Serena Williams serving at Rod Laver Arena in 2020
Image: Wikimedia Commons/Rob Keating

Serena Williams announces plans to ‘evolve’ away from tennis

Serena Williams has said that she will “evolve away” from tennis after the US Open, suggesting she is set to retire from the sport. In a piece of Vogue, the 23-time Glam Slam champion said that she is moving towards “other things that are important to me”, adding that she does not like the word “retirement”. In an accompanying Instagram post, she wrote that “the countdown has begun”, and it’s hard not to read those words stepping back from the sport in which she has played professionally since 1995.

Williams’ career records speak for themselves. She has won Wimbledon and the Austrian Open seven times, along with six US Open titles and three at the French Open – in 2002-03, the so-called ‘Serena Slam’ was coined after Williams held all four Grand Slams simultaneously. She has 14 major doubles titles with her sister Venus, and four Olympic gold medals in tennis – one singles, and three doubles victories.

Williams shares the record for 186 consecutive weeks at number one with Chris Evert, and she has 73 WTA titles overall. Outside of stats, she and her sister rewrote the rules of the women’s game, ushering in a new era of power and athleticism that has reshaped professional tennis. Women’s tennis is losing its biggest star, no doubt about that.

Since winning her last title in 2017, Williams has been chasing a record-equalling 24th Grand Slam title, which would enable her to draw level with Margaret Court. That quest has filled the later period of her career, but when she returned to the sport in 2018 after time out to give birth to daughter Olympia, she had to balance her career with being a mother and battling postpartum depression.

She came close on a number of occasions, reaching the finals of the US Open and Wimbledon in both 2018 and 2019, but the win remained frustratingly out of reach. It’s only become harder since – her first-round defeat to virtually-unknown Harmony Tan in the first round of Wimbledon last year was a sign that the writing was on the wall.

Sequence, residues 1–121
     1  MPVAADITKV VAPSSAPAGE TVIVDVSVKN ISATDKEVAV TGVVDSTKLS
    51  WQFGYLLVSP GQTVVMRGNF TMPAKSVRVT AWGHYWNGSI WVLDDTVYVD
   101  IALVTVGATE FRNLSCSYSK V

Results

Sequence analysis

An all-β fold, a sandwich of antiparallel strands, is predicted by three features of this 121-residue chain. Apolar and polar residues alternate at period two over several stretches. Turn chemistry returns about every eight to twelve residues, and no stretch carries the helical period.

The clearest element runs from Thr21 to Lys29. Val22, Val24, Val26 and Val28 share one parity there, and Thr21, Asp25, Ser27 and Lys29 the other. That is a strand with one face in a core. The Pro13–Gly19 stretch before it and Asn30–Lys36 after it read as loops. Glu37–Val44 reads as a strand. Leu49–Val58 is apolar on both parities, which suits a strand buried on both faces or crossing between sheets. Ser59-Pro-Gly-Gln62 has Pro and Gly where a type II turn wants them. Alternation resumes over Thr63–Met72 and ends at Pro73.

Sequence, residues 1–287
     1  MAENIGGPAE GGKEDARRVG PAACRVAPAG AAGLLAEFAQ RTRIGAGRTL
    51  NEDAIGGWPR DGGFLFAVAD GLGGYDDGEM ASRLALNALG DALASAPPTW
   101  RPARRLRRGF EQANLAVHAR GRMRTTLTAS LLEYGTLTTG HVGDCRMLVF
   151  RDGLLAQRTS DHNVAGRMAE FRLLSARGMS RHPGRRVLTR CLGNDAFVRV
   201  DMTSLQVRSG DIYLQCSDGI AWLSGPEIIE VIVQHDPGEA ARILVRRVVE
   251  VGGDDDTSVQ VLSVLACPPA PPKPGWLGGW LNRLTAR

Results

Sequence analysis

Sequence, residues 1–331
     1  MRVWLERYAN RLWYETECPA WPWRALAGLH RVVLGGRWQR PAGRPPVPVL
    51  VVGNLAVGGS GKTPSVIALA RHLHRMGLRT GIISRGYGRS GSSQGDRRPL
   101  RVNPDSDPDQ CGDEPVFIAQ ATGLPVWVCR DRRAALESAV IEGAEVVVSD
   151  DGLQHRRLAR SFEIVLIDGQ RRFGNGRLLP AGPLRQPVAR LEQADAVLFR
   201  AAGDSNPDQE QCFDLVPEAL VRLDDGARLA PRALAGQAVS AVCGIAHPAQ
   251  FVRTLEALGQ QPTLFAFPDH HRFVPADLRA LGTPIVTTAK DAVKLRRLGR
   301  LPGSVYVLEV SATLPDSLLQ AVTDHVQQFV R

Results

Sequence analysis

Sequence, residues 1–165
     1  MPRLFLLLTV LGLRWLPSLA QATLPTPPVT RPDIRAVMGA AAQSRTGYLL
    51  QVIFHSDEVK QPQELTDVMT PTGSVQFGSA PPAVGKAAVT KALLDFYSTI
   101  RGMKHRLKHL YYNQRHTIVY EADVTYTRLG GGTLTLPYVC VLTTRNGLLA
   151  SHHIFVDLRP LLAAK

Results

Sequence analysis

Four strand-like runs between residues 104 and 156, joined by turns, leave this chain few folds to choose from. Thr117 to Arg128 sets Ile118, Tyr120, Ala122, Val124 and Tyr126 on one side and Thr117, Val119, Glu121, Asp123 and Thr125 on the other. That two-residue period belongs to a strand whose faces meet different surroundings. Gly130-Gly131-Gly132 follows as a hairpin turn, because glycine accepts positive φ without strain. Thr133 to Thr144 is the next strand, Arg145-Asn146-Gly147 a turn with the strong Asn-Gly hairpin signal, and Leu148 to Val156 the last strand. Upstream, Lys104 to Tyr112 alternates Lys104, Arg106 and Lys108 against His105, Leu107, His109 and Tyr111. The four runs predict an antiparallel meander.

Whether she caps off her career with one final title, everyone at the tournament will know that they’ll be witnessing the end of an era

In the Vogue article, Williams said: “Believe me, I never wanted to have to choose between tennis and a family. I don’t think it’s fair. If I were a guy, I wouldn’t be writing this because I’d be out there playing and winning while my wife was doing the physical labour of expanding our family.” She added: “Don’t get me wrong: I love being a woman, and I loved every second of being pregnant with Olympia.”

Williams revealed she has been trying for another baby with her husband, Reddit co-founder Alexis Ohanian: “I’m turning 41 this month, and something’s got to give. We recently got some information from my doctor that put my mind at ease and made me feel that, whenever we’re ready, we can add to our family.

“I definitely don’t want to get pregnant again as an athlete. I need to be two feet into tennis or two feet out. If I have to choose between building my tennis resume and building my family, I choose the latter.”

The champion writes that the decision is the “hardest thing” she could imagine. “I hate it. I hate that I have to be at the crossroads. I keep saying to myself, ‘I wish it could be easy for me’, but it’s not. I’m torn. I don’t want it to be over but, at the same time, I’m ready for what’s next.

“I don’t know how I’m going to be able to look at this magazine when it comes out, knowing that this is it, the end of a story that started in Compton, California, with a little black girl who just wanted to play tennis.”

Few players transcend their sport as Williams has done. Although the fact that she was nearing the end of the road was increasingly clearer in recent years, the news still comes as a surprise. The farewell may not play out quite as Williams had wished: “Unfortunately I wasn’t ready to win Wimbledon this year. And I don’t know if I will be ready to win New York. But I’m going to try.

“I know there’s a fan fantasy that I might have tied Margaret that day in London, then maybe beat her record in New York, and then at the trophy ceremony say, ‘See ya!’ I get that. It’s a good fantasy. But I’m not looking for some ceremonial, final on-court moment. I’m terrible at goodbyes, the world’s worst. But please know that I am more grateful for you than I can ever express in words.”

However it does play out, whether she caps off her career with one final title, everyone at the tournament will know that they’ll be witnessing the end of an era.


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